I met stateless people who couldn’t travel at all because of their lack of documentation; I was only able to meet them because I have the fortune of being able to cross the planet almost entirely without restrictions. I’d been aware of these inequalities in the abstract, but to be confronted with them head-on was as informative as it was depressing. However little one shares as a journalist, the emotional effort that goes into this sort of work is tremendous; it is exhausting to be extracting information in some way out of every interaction, constantly on the lookout for telling details and choice quotes, always pressing for more numbers, dates, names. Atossa Araxia Abrahamian for Guernica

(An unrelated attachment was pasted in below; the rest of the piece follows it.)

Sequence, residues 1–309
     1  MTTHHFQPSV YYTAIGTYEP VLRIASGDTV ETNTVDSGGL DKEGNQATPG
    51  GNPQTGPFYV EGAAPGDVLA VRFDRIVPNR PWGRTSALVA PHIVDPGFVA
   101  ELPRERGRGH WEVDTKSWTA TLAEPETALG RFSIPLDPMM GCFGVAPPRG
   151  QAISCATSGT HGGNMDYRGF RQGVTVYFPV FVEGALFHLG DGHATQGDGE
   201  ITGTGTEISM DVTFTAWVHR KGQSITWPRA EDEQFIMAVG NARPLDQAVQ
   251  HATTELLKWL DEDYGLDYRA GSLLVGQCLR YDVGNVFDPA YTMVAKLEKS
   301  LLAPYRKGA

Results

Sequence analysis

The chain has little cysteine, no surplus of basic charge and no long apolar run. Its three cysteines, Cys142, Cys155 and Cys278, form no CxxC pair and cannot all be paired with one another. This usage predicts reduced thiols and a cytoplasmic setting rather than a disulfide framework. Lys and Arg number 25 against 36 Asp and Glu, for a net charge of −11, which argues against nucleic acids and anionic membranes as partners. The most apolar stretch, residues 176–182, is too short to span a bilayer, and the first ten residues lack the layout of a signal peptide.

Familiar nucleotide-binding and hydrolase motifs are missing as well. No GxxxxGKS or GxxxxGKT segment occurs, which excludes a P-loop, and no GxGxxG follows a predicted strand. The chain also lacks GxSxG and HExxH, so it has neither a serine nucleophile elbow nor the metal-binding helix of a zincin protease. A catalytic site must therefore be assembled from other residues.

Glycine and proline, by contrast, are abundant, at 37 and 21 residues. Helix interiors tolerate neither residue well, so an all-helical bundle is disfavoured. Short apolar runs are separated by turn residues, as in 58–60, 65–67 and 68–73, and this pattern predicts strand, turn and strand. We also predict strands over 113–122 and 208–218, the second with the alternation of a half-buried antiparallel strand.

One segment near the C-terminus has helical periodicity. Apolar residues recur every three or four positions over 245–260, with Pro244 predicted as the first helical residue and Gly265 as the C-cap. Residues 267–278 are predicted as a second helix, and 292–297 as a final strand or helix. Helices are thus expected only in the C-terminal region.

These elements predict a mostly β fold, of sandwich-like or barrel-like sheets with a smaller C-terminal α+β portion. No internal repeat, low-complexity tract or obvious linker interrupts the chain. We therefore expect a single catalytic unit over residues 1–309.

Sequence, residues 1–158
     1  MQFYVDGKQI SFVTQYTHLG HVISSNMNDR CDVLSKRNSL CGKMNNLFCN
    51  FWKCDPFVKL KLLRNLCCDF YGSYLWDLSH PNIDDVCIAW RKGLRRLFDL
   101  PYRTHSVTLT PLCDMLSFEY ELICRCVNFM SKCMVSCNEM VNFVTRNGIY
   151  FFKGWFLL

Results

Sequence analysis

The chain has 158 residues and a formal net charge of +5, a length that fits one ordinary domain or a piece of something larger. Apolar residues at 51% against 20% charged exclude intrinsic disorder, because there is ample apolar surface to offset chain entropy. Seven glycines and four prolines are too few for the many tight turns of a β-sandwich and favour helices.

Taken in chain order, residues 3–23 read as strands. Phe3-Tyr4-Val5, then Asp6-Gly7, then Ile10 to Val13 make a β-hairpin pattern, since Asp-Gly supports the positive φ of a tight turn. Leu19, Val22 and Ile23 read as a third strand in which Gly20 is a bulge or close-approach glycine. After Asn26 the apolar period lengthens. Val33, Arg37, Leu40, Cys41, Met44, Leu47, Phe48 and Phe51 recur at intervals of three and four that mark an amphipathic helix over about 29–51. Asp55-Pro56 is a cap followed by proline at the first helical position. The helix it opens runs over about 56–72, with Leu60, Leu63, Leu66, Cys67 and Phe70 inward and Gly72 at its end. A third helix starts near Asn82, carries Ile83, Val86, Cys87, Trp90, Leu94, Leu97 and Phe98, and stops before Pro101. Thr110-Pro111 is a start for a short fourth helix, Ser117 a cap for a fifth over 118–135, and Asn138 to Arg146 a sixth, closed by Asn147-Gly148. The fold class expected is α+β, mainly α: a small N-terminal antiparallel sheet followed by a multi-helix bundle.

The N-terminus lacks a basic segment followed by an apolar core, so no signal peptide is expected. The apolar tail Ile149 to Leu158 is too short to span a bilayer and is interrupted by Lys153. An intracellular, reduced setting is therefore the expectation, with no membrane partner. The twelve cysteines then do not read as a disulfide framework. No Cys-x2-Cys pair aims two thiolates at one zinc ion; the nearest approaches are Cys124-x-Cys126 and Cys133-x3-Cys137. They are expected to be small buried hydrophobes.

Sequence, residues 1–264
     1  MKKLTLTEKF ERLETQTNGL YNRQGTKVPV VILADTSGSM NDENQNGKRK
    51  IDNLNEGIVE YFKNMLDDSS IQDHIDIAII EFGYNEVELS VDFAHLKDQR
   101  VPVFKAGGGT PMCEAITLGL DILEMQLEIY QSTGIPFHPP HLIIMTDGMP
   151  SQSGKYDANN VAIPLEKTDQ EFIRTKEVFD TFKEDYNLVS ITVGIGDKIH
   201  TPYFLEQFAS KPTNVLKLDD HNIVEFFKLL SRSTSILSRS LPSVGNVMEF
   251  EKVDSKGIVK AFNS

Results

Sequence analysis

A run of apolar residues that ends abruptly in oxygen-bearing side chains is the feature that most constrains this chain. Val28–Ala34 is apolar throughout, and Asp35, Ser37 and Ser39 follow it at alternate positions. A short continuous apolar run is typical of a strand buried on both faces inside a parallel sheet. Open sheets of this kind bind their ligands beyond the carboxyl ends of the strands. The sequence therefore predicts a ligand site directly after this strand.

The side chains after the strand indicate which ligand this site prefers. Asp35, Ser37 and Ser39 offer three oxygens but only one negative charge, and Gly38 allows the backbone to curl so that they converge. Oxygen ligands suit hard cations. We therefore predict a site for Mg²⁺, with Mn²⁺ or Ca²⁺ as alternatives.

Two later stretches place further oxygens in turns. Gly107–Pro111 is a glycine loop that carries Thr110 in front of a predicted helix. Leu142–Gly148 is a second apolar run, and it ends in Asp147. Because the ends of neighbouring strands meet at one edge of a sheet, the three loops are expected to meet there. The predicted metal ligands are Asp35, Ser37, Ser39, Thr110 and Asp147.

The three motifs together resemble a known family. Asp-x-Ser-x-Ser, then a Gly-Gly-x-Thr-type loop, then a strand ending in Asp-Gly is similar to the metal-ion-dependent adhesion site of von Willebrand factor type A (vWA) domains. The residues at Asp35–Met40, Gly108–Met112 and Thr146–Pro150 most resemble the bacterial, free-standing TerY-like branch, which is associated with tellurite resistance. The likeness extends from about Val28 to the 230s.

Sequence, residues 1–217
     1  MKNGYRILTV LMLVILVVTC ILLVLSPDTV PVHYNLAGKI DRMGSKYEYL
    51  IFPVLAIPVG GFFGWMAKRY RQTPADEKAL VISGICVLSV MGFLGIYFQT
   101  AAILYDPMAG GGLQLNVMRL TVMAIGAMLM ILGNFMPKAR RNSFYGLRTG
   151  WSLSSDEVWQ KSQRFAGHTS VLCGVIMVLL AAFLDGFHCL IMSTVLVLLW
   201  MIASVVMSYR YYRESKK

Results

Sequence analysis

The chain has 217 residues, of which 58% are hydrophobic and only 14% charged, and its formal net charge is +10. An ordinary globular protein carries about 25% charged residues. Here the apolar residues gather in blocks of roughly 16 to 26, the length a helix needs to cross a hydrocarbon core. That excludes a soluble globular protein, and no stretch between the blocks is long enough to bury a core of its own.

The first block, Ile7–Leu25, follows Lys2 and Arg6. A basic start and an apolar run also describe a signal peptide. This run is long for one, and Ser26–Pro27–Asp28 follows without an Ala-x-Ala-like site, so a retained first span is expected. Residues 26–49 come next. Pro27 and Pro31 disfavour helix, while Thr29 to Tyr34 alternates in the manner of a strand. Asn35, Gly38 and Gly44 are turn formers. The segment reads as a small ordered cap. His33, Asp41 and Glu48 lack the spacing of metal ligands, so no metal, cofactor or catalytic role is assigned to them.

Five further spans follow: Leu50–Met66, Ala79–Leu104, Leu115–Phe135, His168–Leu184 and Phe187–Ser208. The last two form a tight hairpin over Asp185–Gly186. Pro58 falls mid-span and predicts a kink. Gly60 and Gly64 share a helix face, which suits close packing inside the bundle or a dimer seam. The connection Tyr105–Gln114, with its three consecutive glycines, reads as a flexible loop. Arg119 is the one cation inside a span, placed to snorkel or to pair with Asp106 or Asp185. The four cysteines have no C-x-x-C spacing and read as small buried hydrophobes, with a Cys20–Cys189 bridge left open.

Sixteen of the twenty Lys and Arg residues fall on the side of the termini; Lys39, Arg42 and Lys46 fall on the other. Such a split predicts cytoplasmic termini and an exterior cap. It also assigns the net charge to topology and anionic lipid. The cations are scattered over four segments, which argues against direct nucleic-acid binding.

Anti-Chinese sentiment was rampant in America in the early 20th century—and had been since the latter half of the 19th century, when as many as 300,000 Chinese miners, farmers, railroad and factory workers came to the U.S. Many non-Chinese workers felt threatened by these laborers, who often worked for lower wages. NPR Food
Deeply embedded racism against Chinese immigrants in the early 20th century looks almost identical to today’s hatred of Mexican immigrants.